Yes to Banksy, No to Ku Klux Klan

by Kathryn Craft

Because I enjoy learning from others’ perspectives, I visit with all kinds of people, including complete strangers. This made me wonder: Is there anyone I wouldn’t like to visit with?

As a lifelong student of the human body, I check for all sorts of body signals to give me information on how people really feel. “You look great,” for instance, just isn’t as meaningful with an eye roll. “I have a better vision for our country” does not inspire confidence when the speaker is covered in a sheet from head to toe. So for me, the most off-putting scenario I can think of would be to try to visit with someone who is purposefully masking his identity.

That brings me to the pairing in this title. Banksy is a British street artist and activist my son introduced to me by sharing Banksy’s movie, Exit Through the Gift Shop, nominated for a 2011 Academy Award for Best Documentary. As you can see in the clip at the bottom of this post, Banksy scrambles his voice and hides his identity throughout the film. He had to. His work, often executed under the cover of night, walks the line between public art and vandalism. It isn’t exactly legal. But because his work is creative and masterful and thought-provoking and entertaining, I’d love to sit down and chat with him even if I was denied access to his face.

Members of the Ku Klux Klan, on the other hand, whose free expression is protected under our constitution? I have to admit, I’d have trouble with that one. Here’s what Banksy had to say about the Klan:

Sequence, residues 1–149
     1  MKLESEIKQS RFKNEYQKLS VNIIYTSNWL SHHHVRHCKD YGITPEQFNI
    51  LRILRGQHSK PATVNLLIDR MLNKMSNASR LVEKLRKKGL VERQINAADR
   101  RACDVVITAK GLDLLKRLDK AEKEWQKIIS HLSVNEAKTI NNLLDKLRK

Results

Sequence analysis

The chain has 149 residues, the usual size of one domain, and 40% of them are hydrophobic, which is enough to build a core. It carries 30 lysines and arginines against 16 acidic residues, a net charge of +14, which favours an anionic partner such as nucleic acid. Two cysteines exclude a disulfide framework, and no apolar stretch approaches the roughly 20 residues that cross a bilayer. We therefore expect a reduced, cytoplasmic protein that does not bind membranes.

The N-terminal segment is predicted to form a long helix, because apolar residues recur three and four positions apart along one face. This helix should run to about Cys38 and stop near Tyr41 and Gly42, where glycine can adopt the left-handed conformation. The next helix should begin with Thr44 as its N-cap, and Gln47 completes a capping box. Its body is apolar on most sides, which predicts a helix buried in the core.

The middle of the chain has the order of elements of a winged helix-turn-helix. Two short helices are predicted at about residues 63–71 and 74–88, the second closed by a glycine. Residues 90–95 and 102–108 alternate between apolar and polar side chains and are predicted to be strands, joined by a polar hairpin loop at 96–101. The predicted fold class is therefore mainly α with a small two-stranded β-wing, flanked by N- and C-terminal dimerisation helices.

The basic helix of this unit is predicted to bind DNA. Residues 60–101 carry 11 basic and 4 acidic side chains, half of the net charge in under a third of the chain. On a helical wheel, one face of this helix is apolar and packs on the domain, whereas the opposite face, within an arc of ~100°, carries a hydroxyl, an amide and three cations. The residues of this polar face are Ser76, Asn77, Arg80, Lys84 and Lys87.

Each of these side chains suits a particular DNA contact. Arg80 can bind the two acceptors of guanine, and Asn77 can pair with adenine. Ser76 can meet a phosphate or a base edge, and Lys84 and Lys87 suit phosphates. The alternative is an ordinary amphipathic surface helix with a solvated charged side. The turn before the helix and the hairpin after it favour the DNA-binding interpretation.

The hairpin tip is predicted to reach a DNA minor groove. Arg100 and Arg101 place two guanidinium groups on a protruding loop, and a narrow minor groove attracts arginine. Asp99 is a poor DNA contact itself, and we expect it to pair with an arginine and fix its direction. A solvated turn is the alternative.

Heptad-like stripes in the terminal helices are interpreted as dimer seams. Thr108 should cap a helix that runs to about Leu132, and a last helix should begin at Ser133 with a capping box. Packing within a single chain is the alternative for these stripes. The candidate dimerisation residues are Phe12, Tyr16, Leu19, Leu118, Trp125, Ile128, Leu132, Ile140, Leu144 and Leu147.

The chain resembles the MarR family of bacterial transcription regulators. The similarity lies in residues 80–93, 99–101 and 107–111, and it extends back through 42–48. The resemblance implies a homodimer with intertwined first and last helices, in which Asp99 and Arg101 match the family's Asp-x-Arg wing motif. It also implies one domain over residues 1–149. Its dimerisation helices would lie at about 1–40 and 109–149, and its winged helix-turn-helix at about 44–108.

banksy-kkk-in-birmingham

This image, painted at an abandoned gas station in Birmingham, Alabama in 2008 then quickly defaced, is credited to Banksy.

Before moving to Bucks County, PA in 2009 I lived in Berks County, a neo-Nazi stronghold. Because I lived on a small farm we avoided most confrontation. So I remember well the first time my son and I encountered the Klan standing in the busiest intersection of Boyertown. We were leaving his Tae Kwon Do class; they were handing out literature.

“Why are they in costume, Mommy? It’s not Halloween.”

“They fear being known for their opinions,” is all I could think of to say. “In America we are free to live here no matter what we believe. Unfortunately, these people don’t think the same way.”

As a writer I suppose it’s possible that if I were ever to visit with a Klansman, I’d find the evolution of his perspective fascinating. But it threatens everything I hold dear. I don’t think I’d want to do it, and don’t think I could stomach it if he wouldn’t remove his hood.

In the arts we often hear that we should do the thing we don’t want to do because it will have power. Maybe. But my unconditional love isn’t perfect. I might need a few more decades of convincing on this one.

It occurs to me that, like Banksy, the Klan has historically crossed legal limits under the cover of darkness to express itself (although as recently as 2004, in a racially motivated Boyertown area cross-burning). Yet I’m drawn to the former, and repulsed by the latter.

Maybe the two halves of the above photo provide a clue as to why.

Exit Through the Gift Shop (entire movie).

*Does empathy always make you stronger, or does it sometimes feel too dangerous? Who is it you would never want to sit down and visit with?